MILTON, Ga. — Milton is moving forward with steps to improve walkability and pedestrian safety in the growing downtown Crabapple area. The city entered a contract last week to begin initial stages of collecting input from residents and conducting traffic and speed studies before drafting a plan to place before the public and the Georgia DOT.
Upgrades are slated for Crabapple Road between Itaska Walk and Lecoma Trace. The thoroughfare is a state road, so GDOT must sign off on any improvements.
The downtown Crabapple Placemaking Plan was approved in 2017 and called for significant streetscape improvements. Projects identified under that plan will serve as the starting gate for future enhancements. Milton Transportation Engineer Sara Leaders said the placemaking plan had “high-level” concepts, and more fine-tuning is needed.
“Every project is different, and a site-specific concept is needed to move to the next step of construction documents and a GDOT permit,” Leaders said. “The goal is to develop a plan that can be built, meets the needs for the stakeholders and will be permitted by GDOT.”
Stakeholders in the area include several businesses along the downtown stretch of Crabapple Road.
Originally, Milton was set to design improvements in-house, but after meeting with developers in the area, the city changed course and opted to contract with planning firm Clark Patterson Lee.
“City transportation staff presented a phased approach to the Crabapple Road streetscape to get a pedestrian crossing and some parking submitted to GDOT,” Leaders said. “After input from that meeting, as well as city management, it was decided not to piece together improvements but to holistically address the area with a substantial stakeholder input for those businesses that front Crabapple Road.”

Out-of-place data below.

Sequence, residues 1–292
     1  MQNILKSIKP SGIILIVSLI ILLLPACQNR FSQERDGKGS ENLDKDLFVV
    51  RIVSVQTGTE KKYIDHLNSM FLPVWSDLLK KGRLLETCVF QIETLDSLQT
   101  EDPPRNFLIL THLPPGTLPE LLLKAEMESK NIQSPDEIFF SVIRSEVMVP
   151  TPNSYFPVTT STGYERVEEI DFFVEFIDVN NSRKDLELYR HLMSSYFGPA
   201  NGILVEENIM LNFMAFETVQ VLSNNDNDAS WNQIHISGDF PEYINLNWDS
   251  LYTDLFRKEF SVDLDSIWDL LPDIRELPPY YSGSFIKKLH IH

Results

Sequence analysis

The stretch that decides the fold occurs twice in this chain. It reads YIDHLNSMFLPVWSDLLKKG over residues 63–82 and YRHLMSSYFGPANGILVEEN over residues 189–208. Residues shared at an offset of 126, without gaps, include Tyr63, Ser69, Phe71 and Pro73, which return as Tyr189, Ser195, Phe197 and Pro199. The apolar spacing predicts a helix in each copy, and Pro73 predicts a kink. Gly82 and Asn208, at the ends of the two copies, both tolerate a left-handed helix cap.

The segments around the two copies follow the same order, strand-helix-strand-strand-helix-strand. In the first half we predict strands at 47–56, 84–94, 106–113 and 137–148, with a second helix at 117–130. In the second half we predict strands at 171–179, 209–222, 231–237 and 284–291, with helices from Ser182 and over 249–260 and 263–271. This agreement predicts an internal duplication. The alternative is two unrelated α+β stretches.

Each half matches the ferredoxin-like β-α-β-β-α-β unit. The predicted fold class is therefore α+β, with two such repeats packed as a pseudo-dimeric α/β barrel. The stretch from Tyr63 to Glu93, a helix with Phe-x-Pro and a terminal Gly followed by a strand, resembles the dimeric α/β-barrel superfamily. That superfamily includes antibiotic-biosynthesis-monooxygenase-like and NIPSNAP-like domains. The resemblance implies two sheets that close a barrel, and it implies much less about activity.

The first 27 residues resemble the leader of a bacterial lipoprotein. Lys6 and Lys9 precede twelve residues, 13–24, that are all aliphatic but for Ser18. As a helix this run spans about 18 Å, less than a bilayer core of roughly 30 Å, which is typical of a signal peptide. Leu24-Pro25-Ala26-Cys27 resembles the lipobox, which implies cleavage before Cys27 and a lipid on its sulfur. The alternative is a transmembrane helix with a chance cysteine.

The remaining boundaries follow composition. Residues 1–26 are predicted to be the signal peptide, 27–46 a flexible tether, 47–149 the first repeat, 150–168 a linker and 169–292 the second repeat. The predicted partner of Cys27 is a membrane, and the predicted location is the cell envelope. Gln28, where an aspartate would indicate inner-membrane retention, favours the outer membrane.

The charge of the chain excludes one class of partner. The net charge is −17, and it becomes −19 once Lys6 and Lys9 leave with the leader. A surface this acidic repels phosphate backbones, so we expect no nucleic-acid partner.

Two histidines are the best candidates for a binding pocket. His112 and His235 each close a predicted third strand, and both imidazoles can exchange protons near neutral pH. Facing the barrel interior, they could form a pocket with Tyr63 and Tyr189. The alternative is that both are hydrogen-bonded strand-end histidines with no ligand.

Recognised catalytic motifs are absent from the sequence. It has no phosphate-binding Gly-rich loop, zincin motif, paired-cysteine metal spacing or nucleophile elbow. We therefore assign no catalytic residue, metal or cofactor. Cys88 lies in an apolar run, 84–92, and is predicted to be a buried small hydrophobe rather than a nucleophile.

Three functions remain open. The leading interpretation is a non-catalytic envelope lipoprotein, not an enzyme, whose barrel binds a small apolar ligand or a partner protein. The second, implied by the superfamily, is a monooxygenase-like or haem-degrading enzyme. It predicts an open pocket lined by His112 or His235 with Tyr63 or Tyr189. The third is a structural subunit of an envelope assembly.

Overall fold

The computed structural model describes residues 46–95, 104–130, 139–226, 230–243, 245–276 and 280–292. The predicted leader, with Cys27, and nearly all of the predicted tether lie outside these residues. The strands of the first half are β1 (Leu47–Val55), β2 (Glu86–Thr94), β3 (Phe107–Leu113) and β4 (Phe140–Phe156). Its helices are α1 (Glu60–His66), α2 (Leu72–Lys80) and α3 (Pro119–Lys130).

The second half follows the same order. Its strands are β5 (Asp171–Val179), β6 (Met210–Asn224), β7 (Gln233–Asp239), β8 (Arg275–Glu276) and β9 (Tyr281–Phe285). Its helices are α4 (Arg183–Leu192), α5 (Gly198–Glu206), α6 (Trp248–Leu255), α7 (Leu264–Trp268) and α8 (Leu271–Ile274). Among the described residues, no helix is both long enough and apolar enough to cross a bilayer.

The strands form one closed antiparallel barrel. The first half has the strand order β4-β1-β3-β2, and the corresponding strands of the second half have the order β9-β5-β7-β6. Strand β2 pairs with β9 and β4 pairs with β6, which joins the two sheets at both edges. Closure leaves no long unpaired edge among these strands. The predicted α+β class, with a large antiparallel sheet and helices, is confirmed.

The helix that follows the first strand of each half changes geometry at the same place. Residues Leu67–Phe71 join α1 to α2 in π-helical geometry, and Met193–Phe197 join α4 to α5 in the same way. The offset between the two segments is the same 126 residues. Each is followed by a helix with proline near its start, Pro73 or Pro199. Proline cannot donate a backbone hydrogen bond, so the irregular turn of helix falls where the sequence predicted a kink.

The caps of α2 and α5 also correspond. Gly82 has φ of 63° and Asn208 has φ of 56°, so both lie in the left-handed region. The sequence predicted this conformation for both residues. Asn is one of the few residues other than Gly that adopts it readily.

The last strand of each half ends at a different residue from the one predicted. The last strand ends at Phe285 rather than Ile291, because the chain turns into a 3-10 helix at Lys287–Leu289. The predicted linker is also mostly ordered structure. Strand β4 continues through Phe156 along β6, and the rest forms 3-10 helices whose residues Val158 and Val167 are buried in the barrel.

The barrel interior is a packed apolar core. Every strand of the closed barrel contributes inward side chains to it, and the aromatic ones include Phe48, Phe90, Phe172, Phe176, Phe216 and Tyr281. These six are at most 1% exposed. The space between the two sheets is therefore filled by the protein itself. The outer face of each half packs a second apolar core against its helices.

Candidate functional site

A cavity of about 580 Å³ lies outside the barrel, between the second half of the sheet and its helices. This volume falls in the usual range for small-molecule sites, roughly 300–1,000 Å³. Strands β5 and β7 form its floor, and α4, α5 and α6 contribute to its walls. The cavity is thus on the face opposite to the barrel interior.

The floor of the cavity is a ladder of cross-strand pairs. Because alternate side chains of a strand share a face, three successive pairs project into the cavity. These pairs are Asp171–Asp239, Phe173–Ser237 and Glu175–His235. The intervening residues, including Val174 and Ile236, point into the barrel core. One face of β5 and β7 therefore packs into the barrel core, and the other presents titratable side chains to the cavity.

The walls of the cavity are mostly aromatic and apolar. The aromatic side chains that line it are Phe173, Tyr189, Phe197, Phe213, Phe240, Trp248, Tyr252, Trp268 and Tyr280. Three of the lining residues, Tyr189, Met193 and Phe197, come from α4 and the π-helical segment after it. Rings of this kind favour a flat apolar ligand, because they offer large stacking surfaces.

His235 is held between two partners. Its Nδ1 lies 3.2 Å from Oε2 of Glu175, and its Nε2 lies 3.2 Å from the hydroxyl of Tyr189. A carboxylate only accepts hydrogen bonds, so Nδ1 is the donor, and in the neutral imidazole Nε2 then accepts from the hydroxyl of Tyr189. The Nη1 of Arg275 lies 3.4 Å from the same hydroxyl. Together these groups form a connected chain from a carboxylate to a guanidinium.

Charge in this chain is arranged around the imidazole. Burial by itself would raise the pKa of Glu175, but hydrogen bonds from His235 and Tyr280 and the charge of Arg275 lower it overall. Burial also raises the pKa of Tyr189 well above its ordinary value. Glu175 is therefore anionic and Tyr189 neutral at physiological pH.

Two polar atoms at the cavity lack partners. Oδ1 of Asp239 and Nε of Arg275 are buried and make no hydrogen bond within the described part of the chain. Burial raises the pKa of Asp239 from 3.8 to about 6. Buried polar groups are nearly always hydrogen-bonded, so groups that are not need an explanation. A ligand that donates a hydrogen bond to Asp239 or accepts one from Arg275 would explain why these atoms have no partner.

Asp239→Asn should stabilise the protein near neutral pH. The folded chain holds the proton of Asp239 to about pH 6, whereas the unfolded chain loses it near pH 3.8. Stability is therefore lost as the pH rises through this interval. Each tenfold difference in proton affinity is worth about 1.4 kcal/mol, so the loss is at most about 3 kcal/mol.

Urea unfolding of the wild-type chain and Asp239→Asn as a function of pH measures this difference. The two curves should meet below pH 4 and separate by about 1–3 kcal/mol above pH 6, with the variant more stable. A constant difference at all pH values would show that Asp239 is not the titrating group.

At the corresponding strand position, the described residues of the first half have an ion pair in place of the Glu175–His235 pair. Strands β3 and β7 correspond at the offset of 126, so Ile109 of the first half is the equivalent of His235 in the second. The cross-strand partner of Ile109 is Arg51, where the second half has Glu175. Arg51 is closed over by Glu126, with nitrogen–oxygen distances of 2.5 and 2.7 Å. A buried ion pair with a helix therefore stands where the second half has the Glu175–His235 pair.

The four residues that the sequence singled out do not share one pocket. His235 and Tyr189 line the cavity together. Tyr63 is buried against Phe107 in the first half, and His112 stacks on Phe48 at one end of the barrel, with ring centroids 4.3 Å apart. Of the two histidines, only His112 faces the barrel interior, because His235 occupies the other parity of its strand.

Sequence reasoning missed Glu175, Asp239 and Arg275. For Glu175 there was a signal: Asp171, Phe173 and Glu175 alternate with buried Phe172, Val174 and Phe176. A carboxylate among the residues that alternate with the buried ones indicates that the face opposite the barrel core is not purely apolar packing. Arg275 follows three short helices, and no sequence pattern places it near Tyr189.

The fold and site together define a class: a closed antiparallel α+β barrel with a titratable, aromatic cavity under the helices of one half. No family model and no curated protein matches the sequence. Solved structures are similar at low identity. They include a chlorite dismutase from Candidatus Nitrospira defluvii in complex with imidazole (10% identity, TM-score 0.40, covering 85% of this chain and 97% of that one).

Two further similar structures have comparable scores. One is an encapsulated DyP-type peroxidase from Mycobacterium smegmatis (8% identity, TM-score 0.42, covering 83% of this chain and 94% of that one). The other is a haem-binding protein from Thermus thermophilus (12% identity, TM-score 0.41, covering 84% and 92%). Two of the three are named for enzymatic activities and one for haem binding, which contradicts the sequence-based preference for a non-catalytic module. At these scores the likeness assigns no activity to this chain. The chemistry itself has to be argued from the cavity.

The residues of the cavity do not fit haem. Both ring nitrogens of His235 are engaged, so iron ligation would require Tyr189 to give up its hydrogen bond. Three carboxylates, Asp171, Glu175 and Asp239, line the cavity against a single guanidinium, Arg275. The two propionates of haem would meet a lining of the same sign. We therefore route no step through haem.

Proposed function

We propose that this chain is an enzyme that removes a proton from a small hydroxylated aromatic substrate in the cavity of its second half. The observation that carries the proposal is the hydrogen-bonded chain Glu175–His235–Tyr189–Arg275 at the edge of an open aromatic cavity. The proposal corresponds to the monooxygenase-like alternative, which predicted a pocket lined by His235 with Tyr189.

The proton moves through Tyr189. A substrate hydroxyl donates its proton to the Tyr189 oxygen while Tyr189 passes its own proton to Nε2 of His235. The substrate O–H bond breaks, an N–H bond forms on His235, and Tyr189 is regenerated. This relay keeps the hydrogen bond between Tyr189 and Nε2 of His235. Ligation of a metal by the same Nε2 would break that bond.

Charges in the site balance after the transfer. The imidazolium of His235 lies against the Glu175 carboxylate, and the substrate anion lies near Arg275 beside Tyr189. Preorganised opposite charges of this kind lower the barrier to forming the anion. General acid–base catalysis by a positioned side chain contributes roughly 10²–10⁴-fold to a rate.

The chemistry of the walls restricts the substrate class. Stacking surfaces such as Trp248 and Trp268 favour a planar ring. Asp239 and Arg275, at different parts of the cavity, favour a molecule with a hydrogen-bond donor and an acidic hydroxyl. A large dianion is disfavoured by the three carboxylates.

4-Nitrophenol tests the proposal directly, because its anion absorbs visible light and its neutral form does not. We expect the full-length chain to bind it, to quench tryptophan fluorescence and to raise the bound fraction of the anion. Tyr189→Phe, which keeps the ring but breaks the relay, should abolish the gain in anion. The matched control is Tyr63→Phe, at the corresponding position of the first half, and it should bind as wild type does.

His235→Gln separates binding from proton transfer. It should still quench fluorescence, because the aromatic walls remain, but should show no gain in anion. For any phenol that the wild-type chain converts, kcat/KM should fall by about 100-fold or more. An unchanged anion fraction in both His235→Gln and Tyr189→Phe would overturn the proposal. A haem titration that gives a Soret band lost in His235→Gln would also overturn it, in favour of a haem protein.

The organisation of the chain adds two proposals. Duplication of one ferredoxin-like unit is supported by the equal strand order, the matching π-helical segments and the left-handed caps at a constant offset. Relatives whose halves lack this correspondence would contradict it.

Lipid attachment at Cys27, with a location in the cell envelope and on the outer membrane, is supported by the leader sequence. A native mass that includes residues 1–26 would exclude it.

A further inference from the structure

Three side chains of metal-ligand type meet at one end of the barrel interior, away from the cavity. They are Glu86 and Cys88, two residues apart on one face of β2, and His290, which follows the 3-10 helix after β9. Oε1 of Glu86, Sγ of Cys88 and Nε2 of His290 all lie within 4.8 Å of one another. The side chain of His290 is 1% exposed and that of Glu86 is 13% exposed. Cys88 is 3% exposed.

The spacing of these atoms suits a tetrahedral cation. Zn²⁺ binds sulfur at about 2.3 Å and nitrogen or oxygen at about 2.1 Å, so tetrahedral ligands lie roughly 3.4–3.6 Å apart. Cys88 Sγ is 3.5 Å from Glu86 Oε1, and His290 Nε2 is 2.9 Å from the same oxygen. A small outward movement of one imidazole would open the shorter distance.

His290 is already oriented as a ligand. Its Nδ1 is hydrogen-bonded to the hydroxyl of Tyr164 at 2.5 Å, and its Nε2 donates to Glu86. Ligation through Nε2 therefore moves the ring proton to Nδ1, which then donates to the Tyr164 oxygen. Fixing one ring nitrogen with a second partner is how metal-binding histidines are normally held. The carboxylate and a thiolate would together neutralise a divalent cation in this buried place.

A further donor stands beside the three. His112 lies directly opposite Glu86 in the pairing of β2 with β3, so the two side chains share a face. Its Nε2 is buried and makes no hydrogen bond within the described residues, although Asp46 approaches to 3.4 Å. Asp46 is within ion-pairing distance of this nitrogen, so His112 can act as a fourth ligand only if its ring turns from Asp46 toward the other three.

Leaders said Clark Patterson Lee has experience and success in working with the state’s transportation department on projects in commercial areas.
Clark Patterson Lee will facilitate the meetings with business owners in the area and all residents. The timing of those meetings is being hashed out, Leaders said, adding there could be “multiple rounds” of sessions before and after improvement plans are formed.
From there, the firm will conduct a speed study and analyze the need for pedestrian crossings at two locations. The city will then present up to three concepts and gather cost estimates for any designs before going to GDOT. Leaders said this project should be completed within six months. The full permit could be submitted to GDOT in the months that follow, she said.
The pedestrian improvements effort comes as several large developments have announced plans to open in the area in the coming years, including another phase of Crabapple Market.
The Placemaking Plan will serve as the foundation for improvements. The three-year old proposal calls for 21 parking spaces along the road, sidewalks and a bike lane. The roads would also be scaled down from 13.5-feet wide to 11-feet wide. A pedestrian crosswalk with a paved “refuge” between eastbound and westbound traffic is also proposed, along with a High-Intensity Activated crossWalk, or HAWK, signal similar to the one in downtown Alpharetta.
The city will also consider plantings along the road and streetlights.